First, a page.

Linux kernel goes virtual

Linux kernel goes virtual

Support for two virtualisation techniques in core

Linus Torvalds has released the 2.6.20 Linux kernel, introducing two separate implementations of virtualization, among other features.

Virtualization has become a hot topic over the past year, and players such as VMware and XenSource have been angling to get their code included directly in the Linux kernel. However, developers have been reluctant to include a significant amount of code that would tie into a single vendor's technology.

The solution that arrives with kernel 2.6.20 is an implementation of paravirtualization that can work with different hypervisors, Torvalds said. Paravirtualization allows different virtual machines to run very efficiently, but needs either modification of the guest OS or support at the hardware level.

Xen is an open source example of paravirtualization, and VMware ESX Server and Parallels Workstation also use the technique. The implementation in the new kernel supports i386 hardware.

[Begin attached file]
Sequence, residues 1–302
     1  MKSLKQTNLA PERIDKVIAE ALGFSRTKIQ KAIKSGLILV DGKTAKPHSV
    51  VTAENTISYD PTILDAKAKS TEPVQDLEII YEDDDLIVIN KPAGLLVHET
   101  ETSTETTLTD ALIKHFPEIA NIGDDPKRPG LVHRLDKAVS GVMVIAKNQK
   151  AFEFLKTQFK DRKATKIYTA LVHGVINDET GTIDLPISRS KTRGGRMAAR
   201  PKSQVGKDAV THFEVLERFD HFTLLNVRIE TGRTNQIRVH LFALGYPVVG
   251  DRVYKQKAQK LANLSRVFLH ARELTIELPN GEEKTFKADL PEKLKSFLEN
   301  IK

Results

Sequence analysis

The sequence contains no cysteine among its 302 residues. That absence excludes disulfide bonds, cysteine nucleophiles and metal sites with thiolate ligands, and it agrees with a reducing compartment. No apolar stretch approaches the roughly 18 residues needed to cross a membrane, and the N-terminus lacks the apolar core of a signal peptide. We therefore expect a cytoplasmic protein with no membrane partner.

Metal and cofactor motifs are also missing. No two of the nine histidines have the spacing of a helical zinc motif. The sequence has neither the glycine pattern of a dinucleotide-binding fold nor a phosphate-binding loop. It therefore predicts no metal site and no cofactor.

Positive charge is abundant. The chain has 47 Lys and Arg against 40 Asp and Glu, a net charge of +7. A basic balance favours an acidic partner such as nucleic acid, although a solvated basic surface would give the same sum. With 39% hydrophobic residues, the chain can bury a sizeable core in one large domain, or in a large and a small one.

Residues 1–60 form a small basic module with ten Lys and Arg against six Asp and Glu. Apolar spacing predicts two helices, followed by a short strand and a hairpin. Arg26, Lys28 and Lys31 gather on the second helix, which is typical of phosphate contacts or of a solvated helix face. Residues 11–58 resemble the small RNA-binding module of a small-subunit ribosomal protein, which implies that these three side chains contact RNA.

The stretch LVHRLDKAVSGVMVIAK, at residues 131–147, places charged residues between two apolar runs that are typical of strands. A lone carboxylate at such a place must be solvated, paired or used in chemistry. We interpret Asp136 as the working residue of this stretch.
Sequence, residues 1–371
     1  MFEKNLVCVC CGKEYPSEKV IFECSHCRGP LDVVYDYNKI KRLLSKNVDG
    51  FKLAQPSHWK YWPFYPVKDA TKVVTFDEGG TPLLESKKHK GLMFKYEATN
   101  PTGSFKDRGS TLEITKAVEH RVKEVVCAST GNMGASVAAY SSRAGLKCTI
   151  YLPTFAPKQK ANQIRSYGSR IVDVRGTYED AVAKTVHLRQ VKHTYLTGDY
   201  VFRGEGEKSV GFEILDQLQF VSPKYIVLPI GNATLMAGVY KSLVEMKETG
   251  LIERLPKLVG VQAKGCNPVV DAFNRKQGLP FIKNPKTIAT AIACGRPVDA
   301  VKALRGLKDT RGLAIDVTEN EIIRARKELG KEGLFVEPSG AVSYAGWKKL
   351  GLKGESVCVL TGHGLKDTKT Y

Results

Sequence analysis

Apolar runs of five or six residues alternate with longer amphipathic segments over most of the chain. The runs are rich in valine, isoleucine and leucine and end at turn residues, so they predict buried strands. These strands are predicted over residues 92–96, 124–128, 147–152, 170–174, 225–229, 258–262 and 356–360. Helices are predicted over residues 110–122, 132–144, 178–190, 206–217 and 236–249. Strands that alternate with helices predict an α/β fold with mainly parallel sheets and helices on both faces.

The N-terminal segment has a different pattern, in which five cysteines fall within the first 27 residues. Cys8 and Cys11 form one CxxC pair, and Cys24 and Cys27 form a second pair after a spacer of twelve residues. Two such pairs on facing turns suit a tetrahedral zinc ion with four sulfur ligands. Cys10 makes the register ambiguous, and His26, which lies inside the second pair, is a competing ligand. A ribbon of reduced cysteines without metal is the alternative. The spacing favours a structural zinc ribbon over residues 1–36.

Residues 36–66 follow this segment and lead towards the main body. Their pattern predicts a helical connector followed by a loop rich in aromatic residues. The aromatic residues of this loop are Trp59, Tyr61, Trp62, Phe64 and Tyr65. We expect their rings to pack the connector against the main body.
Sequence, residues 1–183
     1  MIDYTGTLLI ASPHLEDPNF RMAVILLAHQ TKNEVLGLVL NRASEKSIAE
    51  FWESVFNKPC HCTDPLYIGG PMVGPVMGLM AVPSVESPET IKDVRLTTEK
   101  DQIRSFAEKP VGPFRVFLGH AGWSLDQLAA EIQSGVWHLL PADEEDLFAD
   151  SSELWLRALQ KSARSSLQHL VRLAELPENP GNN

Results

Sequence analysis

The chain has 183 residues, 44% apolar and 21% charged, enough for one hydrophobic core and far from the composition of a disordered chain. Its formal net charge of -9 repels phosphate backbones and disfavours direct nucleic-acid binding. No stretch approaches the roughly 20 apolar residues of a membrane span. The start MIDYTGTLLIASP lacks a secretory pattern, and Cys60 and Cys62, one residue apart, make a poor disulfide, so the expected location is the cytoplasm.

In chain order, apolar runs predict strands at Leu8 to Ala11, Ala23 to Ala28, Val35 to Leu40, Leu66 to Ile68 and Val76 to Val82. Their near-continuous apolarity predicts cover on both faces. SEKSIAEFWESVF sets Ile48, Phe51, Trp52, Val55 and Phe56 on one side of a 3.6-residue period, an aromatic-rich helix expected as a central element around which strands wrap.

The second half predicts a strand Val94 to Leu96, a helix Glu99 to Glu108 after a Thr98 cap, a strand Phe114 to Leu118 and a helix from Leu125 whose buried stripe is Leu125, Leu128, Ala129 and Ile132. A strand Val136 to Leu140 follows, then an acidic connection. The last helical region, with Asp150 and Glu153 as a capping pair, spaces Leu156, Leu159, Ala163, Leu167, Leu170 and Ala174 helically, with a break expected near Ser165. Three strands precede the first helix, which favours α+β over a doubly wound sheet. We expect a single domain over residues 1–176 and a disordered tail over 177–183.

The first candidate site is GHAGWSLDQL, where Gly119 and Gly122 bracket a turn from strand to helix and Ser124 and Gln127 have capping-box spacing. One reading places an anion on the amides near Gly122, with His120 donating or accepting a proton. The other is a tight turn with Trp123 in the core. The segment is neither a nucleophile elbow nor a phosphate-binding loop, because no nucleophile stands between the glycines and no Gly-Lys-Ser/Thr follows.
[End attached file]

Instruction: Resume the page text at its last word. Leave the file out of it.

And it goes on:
The kernel also includes a relatively new technology called KVM (Kernel-based Virtual Machine), a full-virtualization system developed by Qumranet, an Israel-based startup. KVM requires the hardware-based virtualization support found in newer AMD and Intel processors.

It consists of two pieces of open-source software, the user module and the kernel module, kvm.ko, which has been included in Linux 2.6.20.

The technique of "full virtualization", used by KVM as well as VMware Workstation, VMware Server and Parallels Desktop, among others, simulates enough hardware to allow unmodified guest operating systems as guests.

Other additions include support for relocatable x86 kernels and a debugging feature called fault injection.

Torvalds said that despite the addition of virtualization and other new features, there were few basic changes to the kernel.

"I tried rather hard to make 2.6.20 largely a 'stabilization release'," he wrote to the kernel development mailing list. "Unlike a lot of kernels lately, there aren't really any big fundamental changes to some core infrastructure area, and while we always have bugs, I really am hoping that we fixed many more than we introduced."

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